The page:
The Inflation Reduction Act modifies the definition of “qualified facility” in Section 45Q. Previously, power plants were required to capture at least 500,000 tonnes of CO2 per year, a threshold now massively reduced to 18,750 tonnes per year. Thresholds are also reduced for industrial facilities, to 12,500 tonnes per year, and for direct air capture (DAC) facilities, to 1,000 tonnes per year. Adjustments to the provisions of Section 45Q mean that tax credits for CCS can now be provided as a direct cash payment for the first five years.

This provision improves the financial viability of CCS for smaller emitters and industrial facilities that emit lower CO2 flue gas concentrations, such as natural gas processing facilities and cement and steel plants. Currently, decarbonisation options for some of these industries are limited because the CO2 released is an integral part of the chemical reaction in the process, not derived solely from the burning of fossil fuels.

With four regional DAC hubs planned, it is likely that CCS hubs and pipeline infrastructure will emerge, enabling clusters of smaller emitters to benefit from reduced emissions.

All of which means that things just became interesting for smaller emitters that are within reach of a hub. Furthermore, they should be aware that there have been significant developments in carbon capture technology in recent years. Shell Catalysts & Technologies, together with alliance partner Technip Energies, has developed highly cost-effective, small, modular carbon-capture units that leverage the commercially proven CANSOLV CO2 Capture System.

Funding for methane monitoring and reduction technology

The Methane Emissions Reduction Program in the Inflation Reduction Act aims to reduce US greenhouse gas emissions. It provides the Environmental Protection Agency with the ability to support monitoring and methane reduction efforts in upstream oil and gas activities. Penalties on methane emissions in excess of 25,000 tonnes of CO2 equivalent will come into force in 2024 at $900 per tonne of methane, ramping to $1,200/tonne in 2025 and $1,600/tonne in 2026.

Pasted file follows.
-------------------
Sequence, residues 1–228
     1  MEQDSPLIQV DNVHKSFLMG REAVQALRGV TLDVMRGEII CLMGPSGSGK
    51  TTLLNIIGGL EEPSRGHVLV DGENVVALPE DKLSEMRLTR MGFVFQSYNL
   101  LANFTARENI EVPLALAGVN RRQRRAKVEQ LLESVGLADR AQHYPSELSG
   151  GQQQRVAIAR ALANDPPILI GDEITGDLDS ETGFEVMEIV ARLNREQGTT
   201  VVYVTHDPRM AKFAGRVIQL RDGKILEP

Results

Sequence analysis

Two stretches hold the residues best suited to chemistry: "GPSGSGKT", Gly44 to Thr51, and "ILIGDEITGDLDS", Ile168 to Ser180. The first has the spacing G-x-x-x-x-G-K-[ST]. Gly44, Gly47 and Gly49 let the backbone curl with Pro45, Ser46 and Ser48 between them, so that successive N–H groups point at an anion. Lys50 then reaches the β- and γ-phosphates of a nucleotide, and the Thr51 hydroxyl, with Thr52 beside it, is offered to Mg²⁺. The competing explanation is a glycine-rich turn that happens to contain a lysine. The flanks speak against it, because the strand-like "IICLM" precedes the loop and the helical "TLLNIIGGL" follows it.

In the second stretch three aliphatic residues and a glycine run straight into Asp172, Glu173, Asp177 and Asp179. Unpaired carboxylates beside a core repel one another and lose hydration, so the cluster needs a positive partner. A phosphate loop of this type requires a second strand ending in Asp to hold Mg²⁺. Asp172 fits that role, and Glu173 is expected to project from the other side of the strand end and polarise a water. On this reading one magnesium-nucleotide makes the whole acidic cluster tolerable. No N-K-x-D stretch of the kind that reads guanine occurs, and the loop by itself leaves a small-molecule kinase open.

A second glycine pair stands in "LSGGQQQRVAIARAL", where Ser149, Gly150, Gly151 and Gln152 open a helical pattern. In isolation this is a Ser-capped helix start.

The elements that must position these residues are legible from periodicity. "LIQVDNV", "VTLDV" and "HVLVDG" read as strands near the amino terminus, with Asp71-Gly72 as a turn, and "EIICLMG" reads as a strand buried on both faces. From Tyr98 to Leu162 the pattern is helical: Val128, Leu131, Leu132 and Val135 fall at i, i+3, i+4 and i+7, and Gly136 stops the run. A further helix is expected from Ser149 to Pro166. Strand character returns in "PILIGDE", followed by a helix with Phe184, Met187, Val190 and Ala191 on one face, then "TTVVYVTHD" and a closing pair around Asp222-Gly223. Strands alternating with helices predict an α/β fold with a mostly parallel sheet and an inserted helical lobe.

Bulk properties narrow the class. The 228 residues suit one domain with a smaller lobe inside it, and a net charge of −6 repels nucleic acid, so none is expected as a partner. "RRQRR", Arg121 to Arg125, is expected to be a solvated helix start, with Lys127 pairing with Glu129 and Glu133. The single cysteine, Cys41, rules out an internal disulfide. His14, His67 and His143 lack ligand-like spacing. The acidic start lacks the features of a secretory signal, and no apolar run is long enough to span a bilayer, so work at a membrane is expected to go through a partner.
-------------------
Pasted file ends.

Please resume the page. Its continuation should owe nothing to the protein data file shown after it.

Methane is a potent greenhouse gas that has a higher short-term impact on global warming than CO2. Emitted during the production, processing, transport and incomplete combustion of oil and natural gas, about 60% of total methane emissions come from human activities, according to the International Energy Agency. In 2018, Shell announced a target to keep its own methane emissions intensity, for both oil and gas, below 0.2% by 2025. Addressing the problem requires a wide range of technologies and work practices to help find and fix operational methane emissions.

In this respect, the Inflation Reduction Act presents an opportunity to industry and other companies, because it promotes extra investment in tools and solutions that will make it easier for them to meet their methane targets.

Shell Catalysts & Technologies can offer existing technology to facilitate greenhouse gas emissions reduction, including nitrous oxide. Furthermore, Shell’s GameChanger programme offers start-ups, academics and inventors the opportunity to develop innovative emissions reduction tools and technologies.